‘I was shocked to see a man stuck under the train’s carriage. My throat went dry,’ said a shaken Mr Rommel.

He said two civilians helped to disperse the crowd near the platform.

Over at Yew Tee station, some 200 commuters were waiting for their train when the service was disrupted.

Passengers who were unable to complete their journeys due to the disruption can claim a full fare refund from the Passenger Service Centre in any of the 51 SMRT stations within the next three working days.

Police are investigating.

Article obtained from straitstimes.com on 7th April 2008



Reader's Comments

  1. izzy69rocks | April 7th, 2008 at 1:49 pm

    People in Singapore are getting pressured and stress is very much overwhelming here.
    It is really sadden to see the fact that MRT suicides is getting common these days which, in my opinion, is an epidemic as the ones that are really affected are their loves ones; not to mentioned the other commuters who need to get to work as well.
    Hope something is being done in the future to stop this suicides at train stations cause it is simply inhumane.

    http://www.MyBoxPro.com

  2. irritated CCK commuters | April 7th, 2008 at 1:58 pm

    I am disappointed with the way SMRT handled the situation. I believe there should have been someone(SMRT staff) near the entrance of the SMRT to inform commuters of such a situation, rather than commuters finding out themselves ONLY when they are about to reach the control station. People-Jam would have been prevented. Furthermore, from the article,”SMRT send a dozen buses…”. Well, I was one of those stuck around the CCK Mrt station but I didn’t see any buses around…

  3. motd | April 7th, 2008 at 2:41 pm

    This is getting more frequent. Is life getting so hard that we have to chose this method to end it?

  4. egnaronik | April 7th, 2008 at 5:18 pm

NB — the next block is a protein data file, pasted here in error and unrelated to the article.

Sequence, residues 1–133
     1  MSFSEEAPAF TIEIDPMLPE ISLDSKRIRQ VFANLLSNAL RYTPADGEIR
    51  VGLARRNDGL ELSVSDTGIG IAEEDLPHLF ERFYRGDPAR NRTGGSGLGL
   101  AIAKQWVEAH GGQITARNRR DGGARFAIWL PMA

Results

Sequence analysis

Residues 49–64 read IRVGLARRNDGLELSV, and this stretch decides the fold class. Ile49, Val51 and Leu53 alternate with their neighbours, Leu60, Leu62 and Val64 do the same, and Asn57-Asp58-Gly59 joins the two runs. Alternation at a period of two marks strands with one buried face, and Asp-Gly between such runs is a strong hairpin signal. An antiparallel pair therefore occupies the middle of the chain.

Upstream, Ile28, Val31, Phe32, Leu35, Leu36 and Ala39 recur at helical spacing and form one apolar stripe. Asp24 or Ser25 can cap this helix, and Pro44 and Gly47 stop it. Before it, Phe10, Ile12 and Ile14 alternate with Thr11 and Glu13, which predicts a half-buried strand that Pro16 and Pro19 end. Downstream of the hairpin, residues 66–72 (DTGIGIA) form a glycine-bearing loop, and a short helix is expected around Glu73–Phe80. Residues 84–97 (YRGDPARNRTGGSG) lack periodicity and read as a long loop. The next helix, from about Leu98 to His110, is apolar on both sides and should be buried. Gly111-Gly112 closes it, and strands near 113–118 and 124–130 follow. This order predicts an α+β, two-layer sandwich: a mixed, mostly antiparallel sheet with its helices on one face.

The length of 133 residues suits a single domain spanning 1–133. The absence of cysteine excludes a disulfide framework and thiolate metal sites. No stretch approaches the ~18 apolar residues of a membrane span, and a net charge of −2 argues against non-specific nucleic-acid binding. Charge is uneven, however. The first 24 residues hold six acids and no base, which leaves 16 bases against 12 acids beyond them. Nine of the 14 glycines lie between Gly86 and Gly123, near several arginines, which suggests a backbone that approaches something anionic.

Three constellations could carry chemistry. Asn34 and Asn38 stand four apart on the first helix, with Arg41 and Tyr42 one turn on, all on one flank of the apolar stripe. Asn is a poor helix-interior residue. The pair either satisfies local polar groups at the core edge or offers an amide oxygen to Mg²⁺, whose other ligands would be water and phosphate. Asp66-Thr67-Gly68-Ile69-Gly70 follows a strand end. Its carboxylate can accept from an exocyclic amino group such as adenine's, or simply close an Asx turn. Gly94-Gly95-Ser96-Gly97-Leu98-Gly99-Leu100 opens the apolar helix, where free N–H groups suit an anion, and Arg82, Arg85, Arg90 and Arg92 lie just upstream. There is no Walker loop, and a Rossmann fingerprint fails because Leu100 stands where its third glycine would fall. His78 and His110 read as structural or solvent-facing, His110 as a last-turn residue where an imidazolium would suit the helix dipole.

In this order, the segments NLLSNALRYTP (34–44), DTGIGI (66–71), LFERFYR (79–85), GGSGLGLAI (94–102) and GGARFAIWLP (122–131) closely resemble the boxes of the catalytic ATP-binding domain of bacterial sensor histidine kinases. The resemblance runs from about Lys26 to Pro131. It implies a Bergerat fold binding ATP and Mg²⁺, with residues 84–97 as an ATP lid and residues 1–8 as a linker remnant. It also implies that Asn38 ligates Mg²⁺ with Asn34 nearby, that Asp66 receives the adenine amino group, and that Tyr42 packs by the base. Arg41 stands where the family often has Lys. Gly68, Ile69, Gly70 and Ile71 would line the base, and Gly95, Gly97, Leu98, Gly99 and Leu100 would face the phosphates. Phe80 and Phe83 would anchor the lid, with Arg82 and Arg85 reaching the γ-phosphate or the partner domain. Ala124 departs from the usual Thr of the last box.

i am quite disappointed with the way they handled it too. well, im sure the staff at CCK would have known what happened and were 100% sure that trains were not going to be able to pass through Yew Tee. so why didnt they dissipate the info and inform passengers on the trains after it that the train WON’T be reaching JE? i got on at Sembawang and all the operator said at every stop before YT was that train was going to be delayed. it would have made a huge difference if we knew it wont be going JE. At least i could have gotten off at Woodlands and changed to a bus immediately and not get stuck at YT with no bus to my destination…

  5. Choa Chu Kang MRT Suicide | April 7th, 2008 at 8:26 pm

    […] 2 fellow bloggers share their thoughts: MRT Train Service Disruption at CCK: Update Man jumped down onto MRT track at Choa Chu Kang MRT […]

  6. Diet Info Care | April 7th, 2008 at 8:41 pm

    Looks like these incidents are getting too frequent, especially during peak hours.
    I thought the authorities have plans to put up platform doors. Why are they taking so long? At least, it would deter a person from carrying out this action and disrupting other people’s journey…

  7. A CCK Commuter | April 8th, 2008 at 12:23 am

    May the man rest in peace…

    I was in ‘that third carriage’ under where he was pinned and the feeling of the bumps I’d felt while inside the train, kept me thinking how painful it was when the train ran over him.

    The expressions of those people at the platform who ‘tip-toed’ towards the train and took their peeps through the platform gap kinda pissed me off.

    Please lar! People die already why still go and see??

    Anyway, putting up doors or any barriers need money also, so ultimately who’s paying?

    If these freak accidents are getting out of hand, the SMRT could consider what the Japanese do. Sue the family of the suicide commit to bear all damages, loss, etc they had incurred during the disruption.

    So rather than saving your family from a financial crisis through publicity, one would be putting them or adding on to their burdens if one choosed this route to end one’s life.

Leave a Comment

%d bloggers like this: